Chip Fat on your Ballet Shoes
Young Georgie has gotten used to using her temper to get her own way. When she decides she wants to take up ballet lessons her mother is not so sure. A short while and a tantrum later and the ballet classes are booked, and (much to her delight) Georgie is free to select the most garish of garments to make up her uniform – whatever Georgie wants, Georgie gets. In an animated bubble, she is eager to show off her new outfit- and she goes to visit her Grandad’s Chip Shop to do exactly this…resulting on chip fat dripping on her brand new pink ballet shoes.
This does not impress ballet teacher Mrs Abbott, who is even less impressed to note Georgie’s lateness and her unconventional uniform. When she reprimands Georgie for such, she is taken aback by Georgie’s petulance. Georgie reaches for her failsafe- a temper tantrum. Assessing the situation quickly, quietly and serenely, Mrs Abbott chooses to make amends with Georgie. Her refusal to be antagonized by Georgie’s outrage comes as a surprise to Georgie who makes it plain that she doesn’t like being told what to do, but is reluctantly becoming more receptive to Mrs Abbott’s suggestions. When she agrees not to wear her ballet shoes outside again- Mrs Abbott acknowledges that a breakthrough has occurred. Georgie too recognises that something feels different- she feels secure and she is truly ready to try to be a proper ballet dancer.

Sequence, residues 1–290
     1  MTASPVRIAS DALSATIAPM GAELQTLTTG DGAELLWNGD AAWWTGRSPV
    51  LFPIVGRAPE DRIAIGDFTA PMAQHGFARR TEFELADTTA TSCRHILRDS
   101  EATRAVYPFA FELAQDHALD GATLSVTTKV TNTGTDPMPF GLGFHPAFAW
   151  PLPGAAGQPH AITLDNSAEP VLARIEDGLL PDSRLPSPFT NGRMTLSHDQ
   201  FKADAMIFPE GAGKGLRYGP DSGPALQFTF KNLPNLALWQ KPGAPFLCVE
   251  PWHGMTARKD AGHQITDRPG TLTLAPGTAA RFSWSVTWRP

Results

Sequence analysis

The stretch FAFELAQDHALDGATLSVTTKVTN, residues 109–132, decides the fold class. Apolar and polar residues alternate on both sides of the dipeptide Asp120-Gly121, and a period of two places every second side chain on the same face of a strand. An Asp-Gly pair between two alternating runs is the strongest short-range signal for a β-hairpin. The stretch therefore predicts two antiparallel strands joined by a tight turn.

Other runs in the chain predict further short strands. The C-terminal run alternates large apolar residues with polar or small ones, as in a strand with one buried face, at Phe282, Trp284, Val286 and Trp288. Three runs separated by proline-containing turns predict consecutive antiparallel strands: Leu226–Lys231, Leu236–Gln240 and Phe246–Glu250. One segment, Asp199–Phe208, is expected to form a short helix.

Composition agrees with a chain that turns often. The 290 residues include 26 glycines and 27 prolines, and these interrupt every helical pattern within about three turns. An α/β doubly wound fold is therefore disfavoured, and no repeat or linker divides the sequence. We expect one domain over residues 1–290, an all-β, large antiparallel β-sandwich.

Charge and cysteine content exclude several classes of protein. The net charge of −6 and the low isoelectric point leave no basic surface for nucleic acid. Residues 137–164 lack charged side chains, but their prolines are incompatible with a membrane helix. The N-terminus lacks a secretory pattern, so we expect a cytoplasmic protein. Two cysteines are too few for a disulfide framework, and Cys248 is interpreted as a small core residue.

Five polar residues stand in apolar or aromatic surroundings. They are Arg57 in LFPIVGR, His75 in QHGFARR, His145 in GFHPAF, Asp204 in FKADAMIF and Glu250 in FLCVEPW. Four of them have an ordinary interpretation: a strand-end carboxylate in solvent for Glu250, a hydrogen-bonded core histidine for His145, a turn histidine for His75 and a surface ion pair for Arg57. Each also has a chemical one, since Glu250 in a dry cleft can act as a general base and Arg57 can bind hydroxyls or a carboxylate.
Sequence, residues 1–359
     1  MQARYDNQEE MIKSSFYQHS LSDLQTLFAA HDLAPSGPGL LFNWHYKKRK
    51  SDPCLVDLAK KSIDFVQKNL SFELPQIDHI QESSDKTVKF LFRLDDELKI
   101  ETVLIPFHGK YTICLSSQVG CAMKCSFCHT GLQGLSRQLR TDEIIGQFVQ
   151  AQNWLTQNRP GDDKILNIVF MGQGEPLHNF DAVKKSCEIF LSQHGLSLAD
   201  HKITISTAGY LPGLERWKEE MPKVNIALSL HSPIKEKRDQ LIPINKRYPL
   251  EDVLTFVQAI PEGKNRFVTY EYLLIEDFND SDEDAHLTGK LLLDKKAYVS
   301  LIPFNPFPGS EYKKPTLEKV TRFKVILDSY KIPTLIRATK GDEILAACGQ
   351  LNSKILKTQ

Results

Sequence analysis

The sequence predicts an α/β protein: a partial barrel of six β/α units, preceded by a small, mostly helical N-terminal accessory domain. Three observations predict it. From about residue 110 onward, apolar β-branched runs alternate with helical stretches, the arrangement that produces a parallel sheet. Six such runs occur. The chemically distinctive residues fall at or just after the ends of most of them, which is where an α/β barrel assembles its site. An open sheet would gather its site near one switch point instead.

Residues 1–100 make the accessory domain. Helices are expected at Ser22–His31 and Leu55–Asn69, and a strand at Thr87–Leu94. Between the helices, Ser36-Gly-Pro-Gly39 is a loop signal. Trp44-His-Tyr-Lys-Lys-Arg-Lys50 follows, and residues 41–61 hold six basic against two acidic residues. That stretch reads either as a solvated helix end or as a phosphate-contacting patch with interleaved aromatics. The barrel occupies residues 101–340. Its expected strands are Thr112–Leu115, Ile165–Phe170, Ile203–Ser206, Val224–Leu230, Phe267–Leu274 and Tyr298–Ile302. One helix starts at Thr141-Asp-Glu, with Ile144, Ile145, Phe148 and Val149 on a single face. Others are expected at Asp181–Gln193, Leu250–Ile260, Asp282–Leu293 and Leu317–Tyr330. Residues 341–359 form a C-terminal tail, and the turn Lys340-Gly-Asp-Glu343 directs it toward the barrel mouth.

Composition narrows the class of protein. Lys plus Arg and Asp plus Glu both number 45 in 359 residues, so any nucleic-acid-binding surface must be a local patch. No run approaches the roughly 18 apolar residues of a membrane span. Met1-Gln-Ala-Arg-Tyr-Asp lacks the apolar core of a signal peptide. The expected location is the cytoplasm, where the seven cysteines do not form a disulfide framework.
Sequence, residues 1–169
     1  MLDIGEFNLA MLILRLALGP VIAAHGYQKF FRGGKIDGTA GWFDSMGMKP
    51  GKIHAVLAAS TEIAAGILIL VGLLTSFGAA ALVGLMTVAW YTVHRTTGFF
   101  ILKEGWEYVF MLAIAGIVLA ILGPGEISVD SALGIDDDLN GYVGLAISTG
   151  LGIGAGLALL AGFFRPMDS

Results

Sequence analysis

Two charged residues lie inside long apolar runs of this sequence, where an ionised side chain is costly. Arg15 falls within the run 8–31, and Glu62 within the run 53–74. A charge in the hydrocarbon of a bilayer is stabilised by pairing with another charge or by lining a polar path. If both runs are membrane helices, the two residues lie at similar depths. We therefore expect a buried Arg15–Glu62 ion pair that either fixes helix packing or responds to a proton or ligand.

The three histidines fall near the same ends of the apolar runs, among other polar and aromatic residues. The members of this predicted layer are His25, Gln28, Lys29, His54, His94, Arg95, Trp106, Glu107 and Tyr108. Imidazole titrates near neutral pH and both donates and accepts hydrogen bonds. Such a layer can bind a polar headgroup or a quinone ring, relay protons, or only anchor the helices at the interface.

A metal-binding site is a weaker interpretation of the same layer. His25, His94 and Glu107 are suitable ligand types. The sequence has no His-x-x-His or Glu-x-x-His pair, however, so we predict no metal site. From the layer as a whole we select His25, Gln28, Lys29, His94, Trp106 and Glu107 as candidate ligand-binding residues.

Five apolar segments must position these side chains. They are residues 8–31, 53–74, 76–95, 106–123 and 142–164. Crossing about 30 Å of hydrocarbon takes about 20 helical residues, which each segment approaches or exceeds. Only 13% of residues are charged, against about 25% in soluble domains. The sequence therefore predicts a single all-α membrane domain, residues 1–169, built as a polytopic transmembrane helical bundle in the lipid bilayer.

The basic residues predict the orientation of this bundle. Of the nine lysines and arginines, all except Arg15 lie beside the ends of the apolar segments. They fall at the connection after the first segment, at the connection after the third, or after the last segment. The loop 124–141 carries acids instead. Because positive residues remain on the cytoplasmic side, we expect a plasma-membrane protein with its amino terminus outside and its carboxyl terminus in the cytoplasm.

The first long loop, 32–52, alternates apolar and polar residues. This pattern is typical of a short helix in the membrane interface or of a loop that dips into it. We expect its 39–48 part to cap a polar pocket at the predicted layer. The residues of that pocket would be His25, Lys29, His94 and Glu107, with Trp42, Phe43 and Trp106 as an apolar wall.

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This primary school assembly story demonstrates to children that there is a sensible way to attain what they want to- without being rude and causing upset in the process. Mrs Abbott’s admirably calm contempt for Georgie’s bad manners teaches Georgie, and the children listening that stroppiness will get them nowhere. Learning to be cooperative rather than manipulative like Georgie is an important lesson for children to encounter early on so that they can grow into reasonable, good-natured people that recognise how to speak to others kindly and properly, and handle things the right way.
This story focuses on manners and comes from More Brilliant Assembly Stories, written by Elizabeth Sach and published by Brilliant Publications.
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